24. I am a accommodation provider in Perth owed $15+k I think. We cut these clowns off a few months ago but have still got a bad debt that is gone basically.

    Re pre-paid bookings I feel terrible for these people and it’s possible their credit card company will cover it under the normal protection. If not we will make it up to the guest – it’s painful financially but it’s sure as hell not their fault they booked through check-in.com so we will wear it.

  25. Great Work Adrian Thompson – promote an overseas OTA, so all commissions move offshore. Makes me sick!

    1. Chris

      What Australian based OTA can you suggest that keeps 100% of its earning within Australia?

    2. Hi Chris, As far as I’m aware, there are no Australian OTA’s that have an agent model. They all use the merchant (pre-paid) model – and this is really what customers within our industry should avoid if they can. But if you are using one that does use the agent model – please let me know.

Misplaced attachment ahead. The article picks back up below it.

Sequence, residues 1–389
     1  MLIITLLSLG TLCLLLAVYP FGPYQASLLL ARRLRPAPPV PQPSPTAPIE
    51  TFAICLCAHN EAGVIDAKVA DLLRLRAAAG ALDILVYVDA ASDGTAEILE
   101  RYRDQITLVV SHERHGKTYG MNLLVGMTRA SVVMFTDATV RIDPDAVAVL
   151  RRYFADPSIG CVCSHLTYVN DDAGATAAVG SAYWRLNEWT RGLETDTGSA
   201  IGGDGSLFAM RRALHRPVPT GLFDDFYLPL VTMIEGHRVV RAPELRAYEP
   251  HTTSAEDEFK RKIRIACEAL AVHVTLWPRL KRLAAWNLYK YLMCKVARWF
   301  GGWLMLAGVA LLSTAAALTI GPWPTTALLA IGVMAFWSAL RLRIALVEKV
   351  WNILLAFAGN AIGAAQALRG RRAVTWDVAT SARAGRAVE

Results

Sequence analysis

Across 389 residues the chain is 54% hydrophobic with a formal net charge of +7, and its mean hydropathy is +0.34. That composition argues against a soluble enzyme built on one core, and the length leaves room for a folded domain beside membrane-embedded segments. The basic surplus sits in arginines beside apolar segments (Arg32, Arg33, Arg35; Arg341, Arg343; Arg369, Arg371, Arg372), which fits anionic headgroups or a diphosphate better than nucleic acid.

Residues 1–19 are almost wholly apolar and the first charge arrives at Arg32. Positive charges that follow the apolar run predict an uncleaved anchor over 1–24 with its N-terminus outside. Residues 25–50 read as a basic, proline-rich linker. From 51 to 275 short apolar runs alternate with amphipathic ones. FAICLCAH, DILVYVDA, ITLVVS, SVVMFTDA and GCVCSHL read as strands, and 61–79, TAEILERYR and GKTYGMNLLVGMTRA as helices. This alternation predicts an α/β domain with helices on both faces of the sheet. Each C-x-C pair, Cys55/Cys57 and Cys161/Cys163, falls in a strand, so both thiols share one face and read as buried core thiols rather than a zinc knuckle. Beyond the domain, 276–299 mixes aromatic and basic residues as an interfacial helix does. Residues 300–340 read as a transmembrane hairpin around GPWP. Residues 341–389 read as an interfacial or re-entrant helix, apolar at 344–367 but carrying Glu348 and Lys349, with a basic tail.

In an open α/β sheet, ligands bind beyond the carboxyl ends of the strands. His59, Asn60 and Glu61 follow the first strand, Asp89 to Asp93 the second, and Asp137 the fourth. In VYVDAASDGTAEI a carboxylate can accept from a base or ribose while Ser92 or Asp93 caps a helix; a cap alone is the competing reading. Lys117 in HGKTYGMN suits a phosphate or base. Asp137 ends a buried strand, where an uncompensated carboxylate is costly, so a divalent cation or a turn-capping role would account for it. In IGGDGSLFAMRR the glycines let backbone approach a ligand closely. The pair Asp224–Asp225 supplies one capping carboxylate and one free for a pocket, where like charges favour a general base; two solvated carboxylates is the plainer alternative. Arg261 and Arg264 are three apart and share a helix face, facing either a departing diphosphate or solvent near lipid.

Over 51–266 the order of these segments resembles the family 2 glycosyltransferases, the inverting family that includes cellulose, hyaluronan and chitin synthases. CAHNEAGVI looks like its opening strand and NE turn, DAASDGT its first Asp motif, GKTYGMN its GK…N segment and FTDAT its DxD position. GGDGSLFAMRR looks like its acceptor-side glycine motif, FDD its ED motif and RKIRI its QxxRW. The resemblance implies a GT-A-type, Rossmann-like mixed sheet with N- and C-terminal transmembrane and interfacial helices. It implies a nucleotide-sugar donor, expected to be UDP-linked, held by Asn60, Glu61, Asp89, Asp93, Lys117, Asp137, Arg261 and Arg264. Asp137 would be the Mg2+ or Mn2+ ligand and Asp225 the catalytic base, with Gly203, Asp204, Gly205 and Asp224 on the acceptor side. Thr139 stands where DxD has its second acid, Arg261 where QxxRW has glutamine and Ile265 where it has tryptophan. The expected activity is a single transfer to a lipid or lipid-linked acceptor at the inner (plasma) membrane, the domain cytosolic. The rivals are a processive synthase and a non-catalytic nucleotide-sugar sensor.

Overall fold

26. Hi to all providers who are owed money by checkin. I have proxy vote forms for the creditors meeting. Has any group been organized, is anyone going to the meeting ? I am in Vic so obviously wont attend. Judging by the balance sheet there will be no money left over to pay suppliers or reimburse customers that have prepaid future bookings.

    Let me know if anyone is interested in my proxy vote

    Paul 0417545196

  27. I think it’s amazing that only 10 days were allotted for creditors to come forward. How about all the people still traveling? There would be loads of credit card claims still to come. The banks have to catch on?? Or will they be too late?

    Is this a matter for consumer affairs, department of trade, ASIC, today tonight or the ato?

  28. Martin,

    The date of your article is 21st May. On the ASIC website, Accommodation Clearing House has lodged it’s notice. It’s all over!

    You blinked!

    1. Sure, the application for voluntary liquidation was lodged on May 21. But please explain the basis of your statement that creditors were given just 10 days to come forward.